See Mark in the October edition of Gardeners’ World Magazine
Windy gardens: Mark Lane explains how to prevent wind damage in autumn
When a large tree is torn down by the full force of a gale, it seems to do so in slow motion. At least, that’s how I remember it one night during the stormy winter of 2013-14 when, after the initial cracking noise of the tearing rootball, our 20 m tall eucalyptus was ripped from the ground by one of that year’s many gales and dumped onto our herbaceous border – 17 years of growth gone in minutes.
For its energy and speed, it showed how wind is one of the gardener’s worst enemies. Strong winds cause plants to sway excessively, pulling and tugging on their roots, the continual movement interfering with the roots’ ability to remain grounded so the plant is partly lifted out of the ground. This is called ‘root rock’ and it stops the plant absorbing water, leading to severe water stress and even death. Strong winds also distort growth and lower
the air temperature around plants, reducing their growth rate. Wind-blown rain spreads fungal spores from infected plants to healthy ones, quickly inhibiting their ability to sustain healthy growth. Pollinators can be deterred from visiting a windy spot, too, finding it hard to get a purchase on flowers that are moving. Transpiration is the process by which moisture is carried through plants from the roots to small pores on the leaves, where liquid water changes to vapour and is released in to the atmosphere. It is essentially the evaporation of water from foliage, and wind is a great contributor to transpiration, speeding it up and drying plants out. During autumn and winter, evergreen plants that have retained their leaves are prone to wind scorch damage (when leaves become desiccated), caused by cold winds. These also dry out the soil, compounding the problem.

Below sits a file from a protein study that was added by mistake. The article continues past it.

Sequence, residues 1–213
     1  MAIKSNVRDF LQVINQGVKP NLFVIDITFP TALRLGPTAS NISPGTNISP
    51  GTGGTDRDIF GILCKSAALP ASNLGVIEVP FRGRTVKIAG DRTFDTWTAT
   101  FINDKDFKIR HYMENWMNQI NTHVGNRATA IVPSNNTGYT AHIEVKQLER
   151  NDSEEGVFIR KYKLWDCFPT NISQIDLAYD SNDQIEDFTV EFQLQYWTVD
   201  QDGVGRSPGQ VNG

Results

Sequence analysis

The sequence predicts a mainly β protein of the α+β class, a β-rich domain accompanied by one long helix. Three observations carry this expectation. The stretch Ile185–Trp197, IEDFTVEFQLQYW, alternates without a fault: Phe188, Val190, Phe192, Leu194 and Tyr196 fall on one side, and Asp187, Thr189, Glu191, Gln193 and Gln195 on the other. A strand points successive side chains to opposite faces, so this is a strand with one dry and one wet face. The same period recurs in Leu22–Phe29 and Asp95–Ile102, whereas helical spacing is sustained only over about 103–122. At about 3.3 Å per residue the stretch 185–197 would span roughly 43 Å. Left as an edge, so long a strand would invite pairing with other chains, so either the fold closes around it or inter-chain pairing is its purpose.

Minimise the effects: Gardeners are not helpless in the face of autumn gales. Cut back plants that are prone to wind rock, such as shrub roses, lavatera and buddleia, by a third to one-half of their height this month and bring vulnerable ones like olive trees indoors if you can. Pick fruit before it’s blown down and put mulch on the ground to stop water loss from the roots and soil. In the long term, wind can be redirected or slowed down by a windbreak or shelterbelt. A hedge, tall trees, a woven-willow hurdle or a semi-permeable barrier erected across the direction of the prevailing wind will reduce damage. Windbreaks minimise the velocity of the wind and create a favourable micro-climate and shelter for pollinators. Shelterbelts, where tall trees are planted in three or four staggered rows, are suitable for larger gardens. Choose robust trees and shrubs such as field maple, hornbeam, Japanese roses, Austrian pine or bamboo.
Most plants need exposure to some wind to function well, and the key is to shelter them from excessive amounts. Those that rely on wind for seed dispersal and pollination have adaptations such as small, light pollen grains and feathery stigmas to catch them. Air circulation is also essential for preventing a build-up of the damp conditions that lead to the fungal diseases that many plants are prone to, while most plants are strengthened by some exposure to moderate air movement around them.